Anyone looking for hope of a better future won’t find it in Splinterlands.
Foreign policy analyst John Feffer’s dystopian novel is a believable but pessimistic view of the kind of future the global situation could produce.
It’s 2050. There are no global empires left. Europe is racked by war, with the European Union (EU) a distant memory. US capital Washington DC was destroyed by an “extreme weather event” in 2022. Brazil, Russia, India, and China have all splintered.
Protagonist Julian West contemplates the world he predicted in his decades- old seminal academic text, which shares the book’s title.
He is writing an updated report commissioned, or so he thinks, by shadowy corporation CRESPR International.
Capitalism’s inequalities have only been amplified in the Splinterlands of 2050 by decades of crisis.
The roots of this “market authoritarianism” are traced to a “nationalist international”, the early warnings of which were the elections of Donald Trump, Marine Le Pen and others.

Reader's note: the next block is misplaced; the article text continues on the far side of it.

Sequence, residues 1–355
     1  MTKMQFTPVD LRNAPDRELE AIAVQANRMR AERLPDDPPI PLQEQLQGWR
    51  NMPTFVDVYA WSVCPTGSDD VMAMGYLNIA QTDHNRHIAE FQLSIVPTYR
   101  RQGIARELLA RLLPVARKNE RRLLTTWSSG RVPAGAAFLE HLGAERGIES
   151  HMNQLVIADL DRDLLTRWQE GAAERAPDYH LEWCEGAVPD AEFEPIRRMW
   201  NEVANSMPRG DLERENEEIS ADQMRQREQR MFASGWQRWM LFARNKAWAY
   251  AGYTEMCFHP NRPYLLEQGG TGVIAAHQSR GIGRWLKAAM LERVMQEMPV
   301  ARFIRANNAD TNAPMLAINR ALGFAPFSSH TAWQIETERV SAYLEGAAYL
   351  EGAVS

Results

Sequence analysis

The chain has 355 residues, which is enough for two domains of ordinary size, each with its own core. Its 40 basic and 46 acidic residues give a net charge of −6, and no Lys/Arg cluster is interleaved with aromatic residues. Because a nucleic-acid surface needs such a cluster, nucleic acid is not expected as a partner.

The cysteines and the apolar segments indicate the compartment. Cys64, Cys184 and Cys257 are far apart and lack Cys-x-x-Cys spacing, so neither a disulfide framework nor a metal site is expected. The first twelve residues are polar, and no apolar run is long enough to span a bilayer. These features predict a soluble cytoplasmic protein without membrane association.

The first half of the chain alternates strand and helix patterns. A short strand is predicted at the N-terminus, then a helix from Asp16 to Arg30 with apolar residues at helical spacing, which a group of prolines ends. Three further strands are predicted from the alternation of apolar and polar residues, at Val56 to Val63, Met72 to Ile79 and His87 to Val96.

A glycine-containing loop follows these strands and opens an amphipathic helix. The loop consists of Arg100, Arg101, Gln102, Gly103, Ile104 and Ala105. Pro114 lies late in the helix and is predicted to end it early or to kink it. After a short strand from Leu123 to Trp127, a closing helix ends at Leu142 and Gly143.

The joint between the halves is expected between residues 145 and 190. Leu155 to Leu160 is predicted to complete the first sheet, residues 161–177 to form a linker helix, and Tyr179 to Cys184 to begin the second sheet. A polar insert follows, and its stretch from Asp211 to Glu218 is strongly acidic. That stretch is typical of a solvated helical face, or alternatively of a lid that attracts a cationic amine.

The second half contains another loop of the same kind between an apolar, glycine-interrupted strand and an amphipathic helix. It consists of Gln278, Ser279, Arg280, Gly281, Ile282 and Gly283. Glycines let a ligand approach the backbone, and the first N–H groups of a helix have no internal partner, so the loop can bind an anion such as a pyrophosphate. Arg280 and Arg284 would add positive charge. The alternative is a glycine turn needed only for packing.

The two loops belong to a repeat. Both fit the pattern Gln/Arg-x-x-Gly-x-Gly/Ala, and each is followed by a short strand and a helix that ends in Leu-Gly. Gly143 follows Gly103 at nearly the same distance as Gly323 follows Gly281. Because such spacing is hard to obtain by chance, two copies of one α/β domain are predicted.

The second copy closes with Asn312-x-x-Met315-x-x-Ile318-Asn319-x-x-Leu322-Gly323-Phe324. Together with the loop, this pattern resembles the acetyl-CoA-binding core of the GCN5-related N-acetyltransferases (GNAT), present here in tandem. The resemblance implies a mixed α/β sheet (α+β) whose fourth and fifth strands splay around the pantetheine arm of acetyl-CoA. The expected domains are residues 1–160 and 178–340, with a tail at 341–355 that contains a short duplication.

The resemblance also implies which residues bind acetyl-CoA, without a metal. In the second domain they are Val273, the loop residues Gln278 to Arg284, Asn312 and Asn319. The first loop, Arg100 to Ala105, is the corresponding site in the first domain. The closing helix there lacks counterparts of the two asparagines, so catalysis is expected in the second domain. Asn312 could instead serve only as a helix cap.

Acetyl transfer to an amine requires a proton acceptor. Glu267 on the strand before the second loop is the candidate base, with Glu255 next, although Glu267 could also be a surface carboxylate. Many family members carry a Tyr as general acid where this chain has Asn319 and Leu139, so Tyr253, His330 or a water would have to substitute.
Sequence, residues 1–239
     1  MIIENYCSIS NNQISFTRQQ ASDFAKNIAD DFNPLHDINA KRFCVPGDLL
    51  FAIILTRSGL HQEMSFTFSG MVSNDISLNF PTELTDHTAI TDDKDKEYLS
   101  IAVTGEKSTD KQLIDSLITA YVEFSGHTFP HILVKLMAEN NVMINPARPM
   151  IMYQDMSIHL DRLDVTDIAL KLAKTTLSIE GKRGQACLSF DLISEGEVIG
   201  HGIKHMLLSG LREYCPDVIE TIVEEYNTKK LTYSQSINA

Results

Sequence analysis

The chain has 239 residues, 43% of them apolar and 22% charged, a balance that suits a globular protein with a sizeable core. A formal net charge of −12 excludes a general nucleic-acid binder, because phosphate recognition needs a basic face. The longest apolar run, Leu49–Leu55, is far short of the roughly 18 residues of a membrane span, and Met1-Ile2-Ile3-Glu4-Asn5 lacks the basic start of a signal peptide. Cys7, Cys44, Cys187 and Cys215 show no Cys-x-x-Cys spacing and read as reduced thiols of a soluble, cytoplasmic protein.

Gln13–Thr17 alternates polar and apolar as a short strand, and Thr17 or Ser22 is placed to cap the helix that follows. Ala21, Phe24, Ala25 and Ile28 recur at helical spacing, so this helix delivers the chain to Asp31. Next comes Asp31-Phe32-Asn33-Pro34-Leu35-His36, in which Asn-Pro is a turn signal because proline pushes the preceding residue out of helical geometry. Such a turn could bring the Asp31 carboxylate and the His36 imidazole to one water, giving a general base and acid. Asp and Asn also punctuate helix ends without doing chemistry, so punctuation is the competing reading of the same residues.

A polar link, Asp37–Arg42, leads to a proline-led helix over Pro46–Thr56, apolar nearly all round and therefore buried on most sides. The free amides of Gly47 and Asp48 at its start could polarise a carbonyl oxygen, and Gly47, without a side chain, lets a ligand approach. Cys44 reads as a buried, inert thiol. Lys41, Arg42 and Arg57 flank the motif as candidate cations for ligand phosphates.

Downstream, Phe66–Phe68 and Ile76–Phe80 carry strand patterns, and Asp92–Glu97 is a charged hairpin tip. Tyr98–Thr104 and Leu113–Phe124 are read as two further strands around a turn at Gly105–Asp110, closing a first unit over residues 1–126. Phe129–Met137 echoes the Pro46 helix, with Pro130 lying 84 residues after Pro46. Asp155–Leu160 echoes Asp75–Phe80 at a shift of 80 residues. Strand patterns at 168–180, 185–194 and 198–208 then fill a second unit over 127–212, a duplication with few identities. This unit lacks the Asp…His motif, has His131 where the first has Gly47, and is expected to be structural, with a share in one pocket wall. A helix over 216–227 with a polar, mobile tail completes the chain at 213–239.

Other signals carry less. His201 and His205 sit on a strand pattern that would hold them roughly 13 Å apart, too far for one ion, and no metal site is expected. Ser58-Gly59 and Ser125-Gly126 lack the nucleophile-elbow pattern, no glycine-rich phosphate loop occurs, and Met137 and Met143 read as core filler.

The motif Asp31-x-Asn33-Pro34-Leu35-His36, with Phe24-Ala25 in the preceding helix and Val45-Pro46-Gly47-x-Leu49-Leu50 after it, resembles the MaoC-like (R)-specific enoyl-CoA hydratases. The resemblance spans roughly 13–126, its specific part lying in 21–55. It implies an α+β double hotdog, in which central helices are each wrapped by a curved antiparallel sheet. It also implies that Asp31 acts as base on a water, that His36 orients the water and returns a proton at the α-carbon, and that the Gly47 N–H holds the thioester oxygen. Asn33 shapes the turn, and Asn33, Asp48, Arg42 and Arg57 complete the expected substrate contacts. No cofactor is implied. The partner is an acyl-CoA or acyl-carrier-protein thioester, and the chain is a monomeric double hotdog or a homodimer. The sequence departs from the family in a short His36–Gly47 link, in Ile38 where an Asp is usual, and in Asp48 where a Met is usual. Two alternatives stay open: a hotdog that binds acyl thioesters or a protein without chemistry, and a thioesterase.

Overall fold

Utilising virtual reality technology, West’s “avatar” reconnects with his estranged family who are now scattered across the world.
One of West’s sons has grown obscenely rich off “disaster economics”.
Feffer argues it could have been different. “If several EU countries hadn’t set up internal borders against refugees, migrant workers and perceived terrorists.
“If the US hadn’t made one last effort to preserve its global military ‘footprint,’ if the world community hadn’t paid mere lip service to its previous commitments to curb carbon emissions, the story might have turned out differently.”
We have to fight for a different, better, ending.
Garrick Theatre, Covent Garden, London WC2H 0HH.
Tickets from £12
Until 25 February
Is a political revolution coming? Will the Labour Party collapse?
Can the United Kingdom stay united?
The year is 1974, not 2017. The House is dramatic and satirical at how the Labour government of 1974-79 tried to hang onto office as it sold out its working class supporters and compromised with the establishment.
Set in the House of Commons, the play focuses on the world of the Whips.
They go to often farcical lengths to influence a divided set of bitterly MPs from left and right.
While limited by its focus on parliamentary manoeuvres, it remains a thrilling take on politics.